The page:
Of course, curation is only one of the three Cs of social learning. Associations can reinvigorate online learning by providing opportunities for learners to engage more deeply with the content and each other through encouraging communication and collaboration as part of the learning process. Being able to connect with peers, discuss challenges, and have a forum for conversation improves learner engagement among association members, whether the learning is on or offline.
This article from eLearning Industry provides tips on how to foster knowledge sharing through online communities. Whether you have a specific online community platform to support social learning, or make use of discussion forums in your learning management system or website, there are great ideas in this post to re-engage members with online learning.
How Associations are Embracing Digital Transformation
To provide online learning programs that your members will want to engage with, your association will need to be not just familiar with, but advocates for the benefits of digital solutions for communication, learning, and certification. This post from DelCor outlines five questions that will help your organization to determine your cultural readiness for a 'digital first' strategy, and gives real examples of associations that are embracing the benefits of a digital first mindset.
The key to designing a new digital strategy or plan for association learning is to set achievable goals. Some of the strategic goals you may have might include improving the learning experience your members, and simplifying learning management for your administrators, both of which are good reasons to invest in association learning technology.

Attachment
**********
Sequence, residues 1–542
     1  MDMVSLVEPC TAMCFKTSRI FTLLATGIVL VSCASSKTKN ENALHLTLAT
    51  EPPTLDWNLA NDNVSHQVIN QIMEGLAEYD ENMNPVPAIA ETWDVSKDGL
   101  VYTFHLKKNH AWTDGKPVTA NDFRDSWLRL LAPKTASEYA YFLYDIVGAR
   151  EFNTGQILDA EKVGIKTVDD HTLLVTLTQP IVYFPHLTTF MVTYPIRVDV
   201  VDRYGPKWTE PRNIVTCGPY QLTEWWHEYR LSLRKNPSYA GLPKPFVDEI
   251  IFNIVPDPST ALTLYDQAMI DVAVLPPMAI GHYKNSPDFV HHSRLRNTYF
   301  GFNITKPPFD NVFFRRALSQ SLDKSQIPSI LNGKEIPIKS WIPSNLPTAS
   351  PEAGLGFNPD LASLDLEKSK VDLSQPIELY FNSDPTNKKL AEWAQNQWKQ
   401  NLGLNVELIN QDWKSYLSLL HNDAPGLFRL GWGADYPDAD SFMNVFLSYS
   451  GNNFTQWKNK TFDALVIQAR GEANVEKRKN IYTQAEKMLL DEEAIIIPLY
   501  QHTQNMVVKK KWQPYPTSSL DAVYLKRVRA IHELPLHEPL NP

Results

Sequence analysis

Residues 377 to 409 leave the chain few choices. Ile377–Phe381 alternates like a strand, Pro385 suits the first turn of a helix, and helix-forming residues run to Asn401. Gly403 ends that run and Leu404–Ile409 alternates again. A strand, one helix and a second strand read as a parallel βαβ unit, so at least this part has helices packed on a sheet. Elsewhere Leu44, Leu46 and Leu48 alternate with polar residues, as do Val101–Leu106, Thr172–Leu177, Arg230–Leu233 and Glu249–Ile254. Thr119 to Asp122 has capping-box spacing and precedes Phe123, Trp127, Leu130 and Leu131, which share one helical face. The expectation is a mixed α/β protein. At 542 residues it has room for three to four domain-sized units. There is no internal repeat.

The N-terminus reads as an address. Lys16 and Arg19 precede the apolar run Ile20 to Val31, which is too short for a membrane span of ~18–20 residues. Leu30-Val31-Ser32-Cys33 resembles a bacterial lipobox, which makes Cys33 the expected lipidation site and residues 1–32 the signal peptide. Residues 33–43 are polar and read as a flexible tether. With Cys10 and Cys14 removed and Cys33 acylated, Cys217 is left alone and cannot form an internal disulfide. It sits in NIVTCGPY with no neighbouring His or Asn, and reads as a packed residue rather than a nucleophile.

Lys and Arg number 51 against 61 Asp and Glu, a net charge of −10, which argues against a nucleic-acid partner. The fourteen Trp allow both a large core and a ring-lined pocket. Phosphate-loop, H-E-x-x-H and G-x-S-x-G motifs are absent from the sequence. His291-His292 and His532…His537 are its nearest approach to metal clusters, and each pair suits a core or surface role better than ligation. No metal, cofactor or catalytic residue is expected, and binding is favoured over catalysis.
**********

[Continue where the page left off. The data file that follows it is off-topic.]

Using Digital Credentials to Close the Skills Gap
Several recent articles and studies have outlined that the key benefits that the digital-savvy millennial generation want from associations are job opportunities, credentials and training. If recruiting younger members is a key strategic goal for your association, you may want to restructure or repackage your online education offering for millennials to outline how your programs and credentials can help them to secure employment.
One way to do this would be to adopt the growing trend for digital credentials, as there is a real skills gap problem for young professionals leaving formal education to progress to employment, and this is an area in which associations have an opportunity to lead change in continuing education for professional development.
The ideas in these articles will hopefully provide inspiration for any organization that needs to reinvigorate its online education programs and re-engage its members in learning. If you missed the recent webinar on digital badge strategies for associations to close the skills gap between education and employment, you might also want to access the recording below for practical advice and real examples of associations that have successfully incorporated digital badges to re-energize online learning for members.